John Stott: “the death of Jesus is more than an inspiring example. If this was all there is to it, much of what we find in the Gospels would make no sense. There are those strange sayings, for instance, in which Jesus said he would ‘give his life as a ransom for many’ and shed his blood….. ‘for the forgiveness of sins’. There is no redemption in an example. A pattern cannot secure our pardon.
Besides, why was he weighed down with such heavy and anxious apprehension as the cross approached? How shall we explain the dreadful agony in the garden, his tears and cries and bloody sweat? ‘My Father, if it is possible, may this cup be taken from me. Yet not as I will, but as you will.’ Again, ‘My Father, if it is not possible for this cup to be taken away unless I drink it, may your will be done.’ Was the ‘cup’ that he hesitated to drink from the symbol of death by crucifixion? Was he then afraid of pain and death? If so, his example may have been one of submission and patience, but it was hardly one of courage. Plato tells us that Socrates drank his cup of hemlock in the prison cell in Athens ‘quite readily and cheerfully.’ Was Socrates braver than Jesus? Or is it that their cups contained different poisons? And what is the meaning of the darkness, and the cry of abandonment, and the tearing from top to bottom of the Temple curtain in front of the Holy of Holies? There is no way of understanding these things if Jesus died only as an example. Indeed some of them would seem to make his example less commendable.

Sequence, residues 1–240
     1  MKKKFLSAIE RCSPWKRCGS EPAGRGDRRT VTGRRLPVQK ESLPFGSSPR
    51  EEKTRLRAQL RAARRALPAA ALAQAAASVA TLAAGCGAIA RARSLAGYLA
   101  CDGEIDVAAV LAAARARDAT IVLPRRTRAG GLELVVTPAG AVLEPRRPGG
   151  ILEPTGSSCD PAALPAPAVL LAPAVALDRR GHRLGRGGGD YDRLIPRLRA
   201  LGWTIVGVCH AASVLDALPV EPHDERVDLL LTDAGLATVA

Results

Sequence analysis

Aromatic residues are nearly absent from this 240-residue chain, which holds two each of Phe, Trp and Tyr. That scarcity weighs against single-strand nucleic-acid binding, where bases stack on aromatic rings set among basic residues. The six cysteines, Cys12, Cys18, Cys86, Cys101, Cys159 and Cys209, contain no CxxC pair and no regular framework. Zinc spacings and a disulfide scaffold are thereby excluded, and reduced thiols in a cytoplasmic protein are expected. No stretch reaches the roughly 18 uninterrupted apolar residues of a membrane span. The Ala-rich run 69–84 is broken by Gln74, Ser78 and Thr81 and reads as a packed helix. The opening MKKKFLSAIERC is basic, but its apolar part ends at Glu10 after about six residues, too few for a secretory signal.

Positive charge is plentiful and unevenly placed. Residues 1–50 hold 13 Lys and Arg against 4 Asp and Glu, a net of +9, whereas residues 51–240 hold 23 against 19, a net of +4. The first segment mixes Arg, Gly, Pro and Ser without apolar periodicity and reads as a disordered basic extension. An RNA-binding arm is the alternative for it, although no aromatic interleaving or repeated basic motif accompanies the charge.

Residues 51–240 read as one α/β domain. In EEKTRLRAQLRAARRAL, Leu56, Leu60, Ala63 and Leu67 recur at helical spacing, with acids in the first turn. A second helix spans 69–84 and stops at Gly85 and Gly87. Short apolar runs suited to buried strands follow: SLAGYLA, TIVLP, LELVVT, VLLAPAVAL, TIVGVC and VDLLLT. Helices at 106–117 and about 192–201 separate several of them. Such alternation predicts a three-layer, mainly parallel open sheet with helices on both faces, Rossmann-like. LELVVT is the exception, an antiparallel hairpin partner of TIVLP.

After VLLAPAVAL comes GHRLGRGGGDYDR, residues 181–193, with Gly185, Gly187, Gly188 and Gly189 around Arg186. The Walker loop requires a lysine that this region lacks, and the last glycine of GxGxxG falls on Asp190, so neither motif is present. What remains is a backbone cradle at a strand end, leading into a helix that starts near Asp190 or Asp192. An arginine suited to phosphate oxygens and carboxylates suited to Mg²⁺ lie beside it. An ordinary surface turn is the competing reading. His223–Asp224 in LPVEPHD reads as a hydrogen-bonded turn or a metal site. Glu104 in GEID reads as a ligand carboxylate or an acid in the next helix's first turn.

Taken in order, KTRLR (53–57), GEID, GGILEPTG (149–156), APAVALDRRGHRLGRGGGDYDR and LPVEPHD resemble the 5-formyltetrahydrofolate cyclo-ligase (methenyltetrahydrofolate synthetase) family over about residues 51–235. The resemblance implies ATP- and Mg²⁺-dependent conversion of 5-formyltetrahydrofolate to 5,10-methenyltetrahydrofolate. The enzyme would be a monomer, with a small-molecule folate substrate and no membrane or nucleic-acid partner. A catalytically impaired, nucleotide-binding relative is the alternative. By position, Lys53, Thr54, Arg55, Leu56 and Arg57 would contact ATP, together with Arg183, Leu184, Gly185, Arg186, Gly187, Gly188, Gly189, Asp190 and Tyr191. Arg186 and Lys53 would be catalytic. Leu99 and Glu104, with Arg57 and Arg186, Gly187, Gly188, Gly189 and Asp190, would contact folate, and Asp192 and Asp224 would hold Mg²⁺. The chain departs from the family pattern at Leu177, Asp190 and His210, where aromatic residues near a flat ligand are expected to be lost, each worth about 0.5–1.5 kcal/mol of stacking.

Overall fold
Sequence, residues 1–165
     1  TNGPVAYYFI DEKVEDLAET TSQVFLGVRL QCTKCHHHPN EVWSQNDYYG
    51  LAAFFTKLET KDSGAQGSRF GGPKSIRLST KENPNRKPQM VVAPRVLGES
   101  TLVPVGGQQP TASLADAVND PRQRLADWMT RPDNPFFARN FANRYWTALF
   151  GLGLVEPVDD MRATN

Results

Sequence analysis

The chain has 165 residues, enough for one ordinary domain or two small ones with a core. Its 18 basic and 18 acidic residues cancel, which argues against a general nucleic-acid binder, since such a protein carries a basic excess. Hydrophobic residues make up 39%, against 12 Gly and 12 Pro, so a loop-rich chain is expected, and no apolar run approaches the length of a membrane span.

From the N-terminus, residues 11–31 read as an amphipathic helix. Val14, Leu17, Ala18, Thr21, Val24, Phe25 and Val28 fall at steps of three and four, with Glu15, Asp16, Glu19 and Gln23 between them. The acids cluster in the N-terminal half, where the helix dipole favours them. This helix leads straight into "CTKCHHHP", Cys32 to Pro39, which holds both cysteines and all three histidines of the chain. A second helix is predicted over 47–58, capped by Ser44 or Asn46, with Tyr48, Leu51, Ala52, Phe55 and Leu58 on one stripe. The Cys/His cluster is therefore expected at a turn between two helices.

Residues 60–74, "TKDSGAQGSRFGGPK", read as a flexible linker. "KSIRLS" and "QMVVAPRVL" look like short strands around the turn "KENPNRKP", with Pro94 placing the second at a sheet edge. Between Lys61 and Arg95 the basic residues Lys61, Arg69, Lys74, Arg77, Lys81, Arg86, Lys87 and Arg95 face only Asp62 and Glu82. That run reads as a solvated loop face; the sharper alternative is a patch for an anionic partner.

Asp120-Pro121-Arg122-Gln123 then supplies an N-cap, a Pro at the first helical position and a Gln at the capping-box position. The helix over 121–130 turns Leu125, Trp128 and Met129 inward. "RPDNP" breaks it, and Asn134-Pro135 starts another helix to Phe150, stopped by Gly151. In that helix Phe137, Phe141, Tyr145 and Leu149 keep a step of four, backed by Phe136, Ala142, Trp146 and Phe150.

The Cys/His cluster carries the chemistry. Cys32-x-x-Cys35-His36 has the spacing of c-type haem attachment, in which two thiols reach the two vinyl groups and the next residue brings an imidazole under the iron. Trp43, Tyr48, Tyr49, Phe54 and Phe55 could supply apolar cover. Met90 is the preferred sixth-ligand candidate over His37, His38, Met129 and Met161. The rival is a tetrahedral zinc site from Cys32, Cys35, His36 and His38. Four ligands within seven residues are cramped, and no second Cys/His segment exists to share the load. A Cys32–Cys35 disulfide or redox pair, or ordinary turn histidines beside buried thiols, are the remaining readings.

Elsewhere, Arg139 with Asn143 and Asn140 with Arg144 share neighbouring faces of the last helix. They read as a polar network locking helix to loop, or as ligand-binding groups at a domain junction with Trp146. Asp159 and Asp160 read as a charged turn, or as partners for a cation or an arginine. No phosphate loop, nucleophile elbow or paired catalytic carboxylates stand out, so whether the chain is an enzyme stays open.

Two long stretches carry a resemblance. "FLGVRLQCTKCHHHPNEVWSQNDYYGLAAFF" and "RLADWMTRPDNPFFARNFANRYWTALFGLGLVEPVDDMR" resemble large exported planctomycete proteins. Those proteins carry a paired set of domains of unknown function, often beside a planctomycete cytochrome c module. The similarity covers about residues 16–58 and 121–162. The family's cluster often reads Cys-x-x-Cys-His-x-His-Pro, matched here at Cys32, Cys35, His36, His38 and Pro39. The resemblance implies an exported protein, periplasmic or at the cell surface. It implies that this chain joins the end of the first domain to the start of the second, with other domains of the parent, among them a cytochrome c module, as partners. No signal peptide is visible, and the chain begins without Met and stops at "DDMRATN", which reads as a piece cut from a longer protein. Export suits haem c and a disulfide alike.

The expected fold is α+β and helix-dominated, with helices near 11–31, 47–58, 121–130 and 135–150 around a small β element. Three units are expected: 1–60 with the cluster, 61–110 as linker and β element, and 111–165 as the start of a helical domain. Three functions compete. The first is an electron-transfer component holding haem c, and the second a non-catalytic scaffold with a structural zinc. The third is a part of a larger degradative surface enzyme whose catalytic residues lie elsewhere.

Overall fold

Not only would much in the Gospels remain mysterious if Christ’s death were purely an example, but our human need would remain unsatisfied. We need more than an example; we need a Savior. An example can stir our imagination, kindle our idealism and strengthen our resolve, but it cannot remove the stains of our past sins, bring peace to our troubled conscience or restore our relationship with God.
In any case, the apostles leave us in no doubt about the matter. They repeatedly associate Christ’s coming and death with our sins:
Christ died for our sins according to the Scriptures (1 Corinthians 15:3).
Christ also suffered once for sins, the righteous for the unrighteous, to bring you to God (1 Peter 3:18).
You know that he appeared so that he might take away our sins (1 John 3:5).
Here are the three great writers of the New Testament, the apostles Paul, Peter and John unanimous in linking his death with our sins.”
Quoted from pages 109-110 of John Stott’s classic Basic Christianity, (2008).